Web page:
What does it mean to bike, walk and drive safely?
Safety on and near the roads is more than following the speed limit and looking both ways before crossing a street. While these are two of the most important things to do, there’s more to understanding how people biking, walking and driving should interact together. Following the safety tips below will help protect each of us as well as our friends, families and neighbors. For additional resources and print materials on bicycle and pedestrian safety please visit the North Central Texas Council of Governments' Safety and Education Resources page.
Cross in crosswalks at intersections.
The safest space to cross a street is a marked crosswalk. Other road users should expect pedestrians to be using this space.
Cross streets and driveways in front of vehicles – never behind them.
Do not cross between parked vehicles or vehicles waiting at traffic signals. Parked cars create a visual barrier that makes it hard for other road users to spot crossing pedestrians. Avoid this dangerous situation by locating a safe crosswalk to cross in front of cars.
Look both ways before crossing a street.
Look left, right, and left again to ensure a safe crossing. Be especially aware of turning vehicles.
At signalized intersections, cross only when the signal indicates it is safe to do so.
Watch for vehicles and stay out of blind spots when around buses.
A distance of ten feet surrounding a bus is considered the bus danger zone. In this area it is difficult for a driver to see a pedestrian. When exiting a bus avoid the danger zone and cross only at designated crosswalks, never directly in front of the bus.
Make eye contact with drivers before crossing streets.
Be sure that a driver acknowledges your presence to ensure a safe crossing.
Be seen while walking in the dark.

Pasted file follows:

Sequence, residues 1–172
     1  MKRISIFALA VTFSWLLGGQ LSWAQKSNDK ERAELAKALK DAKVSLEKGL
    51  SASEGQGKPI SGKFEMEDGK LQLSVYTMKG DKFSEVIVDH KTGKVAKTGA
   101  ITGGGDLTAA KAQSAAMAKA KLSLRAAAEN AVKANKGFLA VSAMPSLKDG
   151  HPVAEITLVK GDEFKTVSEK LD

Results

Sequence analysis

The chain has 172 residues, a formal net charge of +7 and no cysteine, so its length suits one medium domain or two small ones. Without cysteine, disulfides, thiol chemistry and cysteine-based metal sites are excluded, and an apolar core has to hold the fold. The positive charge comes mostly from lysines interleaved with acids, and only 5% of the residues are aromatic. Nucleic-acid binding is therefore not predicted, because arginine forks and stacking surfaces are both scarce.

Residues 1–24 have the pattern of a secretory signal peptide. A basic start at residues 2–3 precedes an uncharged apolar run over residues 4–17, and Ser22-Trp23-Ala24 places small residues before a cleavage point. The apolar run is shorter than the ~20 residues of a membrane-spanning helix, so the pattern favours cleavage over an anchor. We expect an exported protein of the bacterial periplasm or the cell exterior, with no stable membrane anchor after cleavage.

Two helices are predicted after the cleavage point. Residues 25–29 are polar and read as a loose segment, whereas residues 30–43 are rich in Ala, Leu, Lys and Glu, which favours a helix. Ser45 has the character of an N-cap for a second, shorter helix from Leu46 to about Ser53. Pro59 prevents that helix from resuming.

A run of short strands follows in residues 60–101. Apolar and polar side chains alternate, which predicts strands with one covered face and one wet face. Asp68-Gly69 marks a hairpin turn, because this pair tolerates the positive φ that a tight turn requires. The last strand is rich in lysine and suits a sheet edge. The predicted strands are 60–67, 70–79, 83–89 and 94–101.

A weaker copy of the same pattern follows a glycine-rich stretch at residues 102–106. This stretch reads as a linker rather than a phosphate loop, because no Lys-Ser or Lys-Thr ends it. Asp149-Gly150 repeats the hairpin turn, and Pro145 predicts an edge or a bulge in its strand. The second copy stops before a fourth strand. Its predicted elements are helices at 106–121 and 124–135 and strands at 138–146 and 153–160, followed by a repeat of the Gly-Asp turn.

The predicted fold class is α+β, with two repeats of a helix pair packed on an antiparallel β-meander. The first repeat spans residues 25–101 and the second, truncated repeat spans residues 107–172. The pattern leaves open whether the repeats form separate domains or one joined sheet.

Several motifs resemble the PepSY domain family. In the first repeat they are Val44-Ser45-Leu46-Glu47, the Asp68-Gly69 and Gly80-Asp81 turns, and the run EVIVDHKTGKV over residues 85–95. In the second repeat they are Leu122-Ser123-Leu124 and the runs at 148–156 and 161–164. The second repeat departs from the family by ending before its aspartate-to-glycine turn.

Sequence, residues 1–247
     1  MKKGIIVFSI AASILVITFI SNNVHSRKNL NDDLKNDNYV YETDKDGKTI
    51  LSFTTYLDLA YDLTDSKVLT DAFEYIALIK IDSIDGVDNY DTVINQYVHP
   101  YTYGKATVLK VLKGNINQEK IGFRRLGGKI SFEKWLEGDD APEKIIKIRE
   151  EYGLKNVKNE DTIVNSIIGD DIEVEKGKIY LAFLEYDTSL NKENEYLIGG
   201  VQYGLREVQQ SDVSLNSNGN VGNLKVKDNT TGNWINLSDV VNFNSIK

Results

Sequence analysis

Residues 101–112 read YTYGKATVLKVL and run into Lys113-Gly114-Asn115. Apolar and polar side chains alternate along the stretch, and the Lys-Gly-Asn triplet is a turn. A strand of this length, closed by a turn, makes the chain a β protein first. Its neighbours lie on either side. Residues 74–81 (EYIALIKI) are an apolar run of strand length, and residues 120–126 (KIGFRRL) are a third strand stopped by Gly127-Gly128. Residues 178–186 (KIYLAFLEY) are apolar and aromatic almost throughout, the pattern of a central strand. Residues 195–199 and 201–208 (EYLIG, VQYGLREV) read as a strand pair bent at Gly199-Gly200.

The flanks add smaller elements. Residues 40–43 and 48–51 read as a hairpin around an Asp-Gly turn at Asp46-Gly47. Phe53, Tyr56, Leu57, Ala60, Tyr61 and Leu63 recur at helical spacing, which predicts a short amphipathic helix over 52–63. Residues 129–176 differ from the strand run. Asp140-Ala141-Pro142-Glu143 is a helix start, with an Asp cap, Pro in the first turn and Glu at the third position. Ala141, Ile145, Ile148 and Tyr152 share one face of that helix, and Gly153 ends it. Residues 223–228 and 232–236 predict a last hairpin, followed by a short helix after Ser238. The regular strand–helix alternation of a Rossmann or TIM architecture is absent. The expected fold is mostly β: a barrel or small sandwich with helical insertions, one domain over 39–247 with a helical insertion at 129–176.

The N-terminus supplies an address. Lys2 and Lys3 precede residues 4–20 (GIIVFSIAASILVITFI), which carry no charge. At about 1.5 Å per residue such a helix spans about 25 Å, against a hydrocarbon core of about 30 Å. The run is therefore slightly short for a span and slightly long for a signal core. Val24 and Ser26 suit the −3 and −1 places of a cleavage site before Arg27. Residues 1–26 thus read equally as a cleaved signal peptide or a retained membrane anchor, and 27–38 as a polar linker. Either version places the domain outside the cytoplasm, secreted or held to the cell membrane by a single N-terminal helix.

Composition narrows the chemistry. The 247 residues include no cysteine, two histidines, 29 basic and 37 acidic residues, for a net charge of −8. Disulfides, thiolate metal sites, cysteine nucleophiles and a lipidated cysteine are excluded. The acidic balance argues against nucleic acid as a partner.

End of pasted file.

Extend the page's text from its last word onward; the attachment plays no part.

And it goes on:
Wear reflective materials and white or bright colors at night to increase visibility. Avoid dark clothing when possible.
Bicyclists are required to stop and yield at traffic signals and stop signs.
State law requires bicyclists to operate with the same rights and duties applicable to a driver operating a motor vehicle.
Use hand signals to let others know when you’re turning, changing lanes, or stopping.
Signaling your intentions gives drivers notice of your movements. Look over your shoulder and up ahead (scan), then signal your turn and make your move.
Be aware of other vehicles and predict movements of drivers and pedestrians. Anticipate turning movements and opening car doors to avoid collisions.
Ride as far to the right as practicable.
Practicable does not mean possible. Do not ride in the gutter, avoid hazardous conditions such as debris and potholes. Be sure to leave enough room to avoid hazards like parked cars with opening doors. A cyclist may ride in the middle of the lane if the lane is less than 14 feet wide or is too narrow to safely operate with a motor vehicle side by side.
Always ride in the same direction as traffic.
Bicyclists operate as vehicles when in the roadway and are required to travel in the same direction as other drivers. Never ride into the flow of oncoming vehicles– this wrong-way travel is one of the leading causes of bicycle-motorist crashes.
Claim your space at intersections.
When approaching an intersection, use the rightmost lane going in your destination direction. When making a left turn with multiple turn lanes, select the rightmost lane turning left. Position yourself at intersections to be seen to avoid a crash.
Be seen while riding at night.
Wear reflective materials and white or bright colors. When bicycling at night, a front headlight and a rear reflector or rear red light are required by State law (see Sec. 551.104. Safety Equipment).
Driving Safely Near People Bicycling and Walking
Allow a minimum of three feet when passing a bicyclist.
Allowing a minimum of three feet when passing a bicyclist permits motorists and bicyclists to maneuver safely.
Look out for bicyclists when opening your door while parallel parked.
Bicyclists may be riding closer to the right of the travel lane, putting them in the path of an opening car door. Watch for bicyclists before opening your door.
Bike lanes are for bicyclists.
As a driver, never block or park in a bike lane. Preventing bicyclists from using designated bike lanes on roadways creates unsafe circumstances for all road users.
Crosswalks are for pedestrians.
As a driver, never block or park in a crosswalk. Preventing pedestrians from using designated crosswalks creates unsafe circumstances for all road users.
Stop for crossing pedestrians.
Stop and yield to pedestrians in crosswalks. When approaching an intersection, slow down and scan the road and sides of the road ahead for pedestrians.
Treat bicycles as motor vehicles.
A bicyclist has the right to ride in the center of most road lanes.
Look out for children in school zones.
Maintaining the legal speed limit increases safety for all road users. School zone speed limits are especially important; as a driver be aware of children’s unpredictable movements in these zones.